Apologetics accepted

One of the things I do in order to increase my levels of frustration is read annoying things written by atheists who feel intellectually superior to us “unenlightened Christians”.

I spend a lot of time arguing with three of my friends – two of whom are declared atheists – one is a notorious fence sitter. 

I often ask myself why I bother. They’re smart guys and as set in their beliefs as I am in mine. I don’t think we’re going to change each other’s minds. I guess there are a few reasons. I like them – so I’d like to see them change their minds – believing as I do that hell is real. I would like to not be scoffed at for having “an imaginary friend”. And I guess there’s the fact that I love an argument. But I think one of the key reasons I do it is to refine and define my thoughts on the criticisms atheism throws at any form of theism – but particularly Christianity. It’s an exercise in apologetics – in defending the faith. 

I guess in the face of militant atheism, being championed as it is by leaders with evangelistic zeal, Christians need to make sure they’re putting up a fight for the hearts, minds and souls of the great unreached – the agnostics. Those who haven’t picked a side yet. Those people are being bombarded with teachings from both sides – and I feel like I need to mount a compelling, rational defence of Christianity. 

That was all a pretty long preamble to a great reminder that the real “apologetic” winner is relational not rational. The reminder comes courtesy of Tim Chester at the Resurgence.

The author

Nathan runs St Eutychus. He loves Jesus. His wife. His daughter. His son. His other daughter. His dog. Coffee. And the Internet. He is the campus pastor at Creek Road South Bank, a graduate of Queensland Theological College (M. Div) and the Queensland University of Technology (B. Journ). He spent a significant portion of his pre-ministry-as-a-full-time-job life working in Public Relations, and now loves promoting Jesus in Brisbane and online. He can't believe how great it is that people pay him to talk and think about Jesus.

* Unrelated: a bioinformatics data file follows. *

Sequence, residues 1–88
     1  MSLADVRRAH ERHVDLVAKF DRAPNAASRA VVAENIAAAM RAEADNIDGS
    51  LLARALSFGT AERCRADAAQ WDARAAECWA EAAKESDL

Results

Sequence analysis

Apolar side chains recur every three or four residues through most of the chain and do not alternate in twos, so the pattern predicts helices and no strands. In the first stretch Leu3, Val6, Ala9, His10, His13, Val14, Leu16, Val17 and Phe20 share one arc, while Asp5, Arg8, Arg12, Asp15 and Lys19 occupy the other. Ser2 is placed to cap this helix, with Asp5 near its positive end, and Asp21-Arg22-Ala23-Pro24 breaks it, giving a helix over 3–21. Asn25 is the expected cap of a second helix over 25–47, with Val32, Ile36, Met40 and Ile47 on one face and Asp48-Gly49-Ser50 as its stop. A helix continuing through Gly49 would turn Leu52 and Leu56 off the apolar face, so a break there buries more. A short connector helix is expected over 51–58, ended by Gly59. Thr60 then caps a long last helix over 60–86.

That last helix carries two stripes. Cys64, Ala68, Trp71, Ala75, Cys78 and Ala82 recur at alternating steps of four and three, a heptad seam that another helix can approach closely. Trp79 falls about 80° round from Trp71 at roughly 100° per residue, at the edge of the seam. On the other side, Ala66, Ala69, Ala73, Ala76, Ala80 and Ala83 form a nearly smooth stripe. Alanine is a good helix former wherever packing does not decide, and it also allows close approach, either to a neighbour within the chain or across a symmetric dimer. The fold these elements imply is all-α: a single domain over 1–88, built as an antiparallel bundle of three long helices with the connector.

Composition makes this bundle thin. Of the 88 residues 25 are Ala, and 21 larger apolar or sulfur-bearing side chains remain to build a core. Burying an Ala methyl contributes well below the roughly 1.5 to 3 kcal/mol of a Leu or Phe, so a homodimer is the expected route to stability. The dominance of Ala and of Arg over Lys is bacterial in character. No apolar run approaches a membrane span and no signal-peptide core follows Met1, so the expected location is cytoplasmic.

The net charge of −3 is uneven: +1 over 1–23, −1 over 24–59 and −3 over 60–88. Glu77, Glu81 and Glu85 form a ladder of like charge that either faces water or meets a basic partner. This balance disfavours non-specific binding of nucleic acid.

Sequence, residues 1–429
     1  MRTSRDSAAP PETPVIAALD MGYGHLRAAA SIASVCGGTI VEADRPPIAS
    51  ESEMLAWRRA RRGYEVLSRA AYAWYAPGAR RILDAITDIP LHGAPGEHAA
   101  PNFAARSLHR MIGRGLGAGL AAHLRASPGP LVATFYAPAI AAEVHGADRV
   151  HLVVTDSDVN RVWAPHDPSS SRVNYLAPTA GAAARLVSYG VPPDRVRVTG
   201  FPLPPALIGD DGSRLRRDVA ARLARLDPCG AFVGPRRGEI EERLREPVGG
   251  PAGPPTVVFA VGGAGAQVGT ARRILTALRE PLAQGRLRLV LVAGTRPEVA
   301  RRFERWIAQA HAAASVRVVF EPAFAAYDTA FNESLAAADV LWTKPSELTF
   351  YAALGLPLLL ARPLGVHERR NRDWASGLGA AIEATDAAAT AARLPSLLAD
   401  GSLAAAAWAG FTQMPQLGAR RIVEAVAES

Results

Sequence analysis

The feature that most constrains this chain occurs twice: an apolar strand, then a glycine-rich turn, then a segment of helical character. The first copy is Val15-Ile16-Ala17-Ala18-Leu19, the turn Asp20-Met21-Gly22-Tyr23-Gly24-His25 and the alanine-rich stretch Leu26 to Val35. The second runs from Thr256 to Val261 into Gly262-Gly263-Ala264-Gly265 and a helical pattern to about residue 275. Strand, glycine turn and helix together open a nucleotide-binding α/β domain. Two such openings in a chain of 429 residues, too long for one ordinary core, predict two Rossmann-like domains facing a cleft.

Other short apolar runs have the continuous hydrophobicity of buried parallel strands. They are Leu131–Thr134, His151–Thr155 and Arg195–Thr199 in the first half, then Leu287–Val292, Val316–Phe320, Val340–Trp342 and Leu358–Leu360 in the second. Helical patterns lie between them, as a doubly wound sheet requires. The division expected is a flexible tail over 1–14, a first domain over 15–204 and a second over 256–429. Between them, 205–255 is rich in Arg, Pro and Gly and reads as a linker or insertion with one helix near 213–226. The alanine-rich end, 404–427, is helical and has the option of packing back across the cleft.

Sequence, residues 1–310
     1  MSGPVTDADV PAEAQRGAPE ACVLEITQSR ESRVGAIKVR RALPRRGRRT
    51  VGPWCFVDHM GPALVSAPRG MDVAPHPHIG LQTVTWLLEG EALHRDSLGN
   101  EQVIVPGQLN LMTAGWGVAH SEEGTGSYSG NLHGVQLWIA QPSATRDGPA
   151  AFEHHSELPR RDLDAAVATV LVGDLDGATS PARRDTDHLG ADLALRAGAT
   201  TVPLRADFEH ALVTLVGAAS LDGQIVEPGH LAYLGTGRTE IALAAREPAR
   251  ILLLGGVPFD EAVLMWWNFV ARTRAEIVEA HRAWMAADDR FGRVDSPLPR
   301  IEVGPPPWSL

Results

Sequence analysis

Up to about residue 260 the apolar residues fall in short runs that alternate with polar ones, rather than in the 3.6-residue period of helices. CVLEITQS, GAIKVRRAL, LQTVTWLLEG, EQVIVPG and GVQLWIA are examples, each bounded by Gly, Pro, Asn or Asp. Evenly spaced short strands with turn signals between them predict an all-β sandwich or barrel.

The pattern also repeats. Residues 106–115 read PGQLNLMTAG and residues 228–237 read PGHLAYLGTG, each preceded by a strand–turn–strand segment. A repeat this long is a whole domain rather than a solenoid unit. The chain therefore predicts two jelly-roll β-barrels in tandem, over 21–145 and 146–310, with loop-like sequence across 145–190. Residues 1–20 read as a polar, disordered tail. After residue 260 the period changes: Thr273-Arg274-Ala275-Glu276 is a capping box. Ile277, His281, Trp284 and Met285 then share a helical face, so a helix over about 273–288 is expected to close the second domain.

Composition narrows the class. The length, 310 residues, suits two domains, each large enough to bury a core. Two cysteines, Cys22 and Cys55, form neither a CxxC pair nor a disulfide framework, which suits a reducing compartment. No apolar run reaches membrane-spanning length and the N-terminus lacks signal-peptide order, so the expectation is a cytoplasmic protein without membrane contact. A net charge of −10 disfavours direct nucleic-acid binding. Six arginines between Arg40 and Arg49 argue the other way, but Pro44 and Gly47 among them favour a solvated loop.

4 thoughts on “Apologetics accepted”

  1. There is an overriding opinion that if you are Christian that you automatically must be an idiot.
    When I became Christian you could see the thought in my father’s eyes – ‘I taught her to think! What is going on’.

    But it does allow you to have a bit of fun with people and their presumptions – for example the idea that you can believe in God but also think that Darwin’s theory of natural selection is true seems to shock a lot of people I meet, or that being a Christian doesn’t mean I am a bigot.

    It comes down to this really – faith is faith – you can’t prove something to be true and then take it on faith. You have to take that one extra step into the unknown.

  2. As much fun as it is arguing I agree that it doesn’t ever really get you anywhere over the other person but is great for your own thinking. And worthwhile if there’s any agnostics listening in at the time.

    You certainly don’t pick easy opponents though. The way it should be.

    1. Was this comment made via iPhone? If so it could be the coolest comment ever.

      Hopefully I get mine soon. Did I mention work is paying. I’m still very jealous.

  3. Yes it is. Anything made during the day has to be. Much harder to surf than on a STD pc though and forms are a pain but still much better than nothing and pretty amazing. I’m jealous that work will pay. That’s very jealousy inspiring.

Comments are closed.